In pre-European times, and until the last rebellions against the Dutch, the war leader seems often to have had greater powers than the raja and his office certainly preceded that of raja in traditional society. Formerly, his title was malessy but in Portuguese times it was changed to Kapitan, clearly in an attempt to gain the same prestige, if not the wondrous powers of the seemingly superior Portuguese capitão.11 But while the war leaders “upgraded” their position by taking on the new title and the new religion of their Portuguese models, they did not let go of the traditional magical powers they gained from certain weapons and amulets which made them courageous and invincible. Even though the office of Kapitan has become largely non-functional after Dutch pacification, individuals with such titles are still believed to have great power and they are often feared by other villagers. In the event of inter-village feuds, increasingly on the rise in Ambon because of land pressure, they go with their fellow villagers to the church or mosque to pray for God's help. Afterwards they go to sacred places to implore the help of the ancestors. Often, when the Ambonese are in need of power beyond human capacity, they request aid from both God and the ancestors.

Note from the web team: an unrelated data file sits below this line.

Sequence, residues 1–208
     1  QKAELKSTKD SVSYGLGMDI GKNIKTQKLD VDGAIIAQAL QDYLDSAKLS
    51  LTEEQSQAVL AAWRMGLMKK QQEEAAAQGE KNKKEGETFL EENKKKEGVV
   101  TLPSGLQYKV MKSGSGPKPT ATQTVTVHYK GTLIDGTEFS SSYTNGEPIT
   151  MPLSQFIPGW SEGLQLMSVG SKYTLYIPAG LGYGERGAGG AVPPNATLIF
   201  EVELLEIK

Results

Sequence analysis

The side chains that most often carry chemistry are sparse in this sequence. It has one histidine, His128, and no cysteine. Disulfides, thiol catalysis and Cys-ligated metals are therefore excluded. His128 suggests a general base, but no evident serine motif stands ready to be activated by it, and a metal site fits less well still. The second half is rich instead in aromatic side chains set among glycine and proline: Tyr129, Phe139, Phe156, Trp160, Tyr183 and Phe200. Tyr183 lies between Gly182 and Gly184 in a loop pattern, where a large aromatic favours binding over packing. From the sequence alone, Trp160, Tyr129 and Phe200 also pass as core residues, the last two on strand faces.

One important factor in the persistence to belief in ancestors is that they fill a void between men and the rather remote, abstract God of both Islam and Protestantism. In Ambonese Islam they have taken on the role which Islamic saints have elsewhere. Similarly, among Protestants they have a role like that of Catholic patron saints-it would have been interesting to see what would have happened if Catholicism had remained. Another factor accounting for the persistence of ancestors is that they are a reality to believers. Ancestors and spirits are not a fiction of the mind, as Westerners like to think; but rather Ambonese, including many religious officials, can see, meet, and communicate with them. It is only presently that high leaders of the church, in their attempts to gain equal status and prestige within the world community of churches, have begun to deny the power of the ancestors. Some Moslem reformers do so also, but it will probably be technology which will finally drive them away.

Absorption of Power in the Field of Curing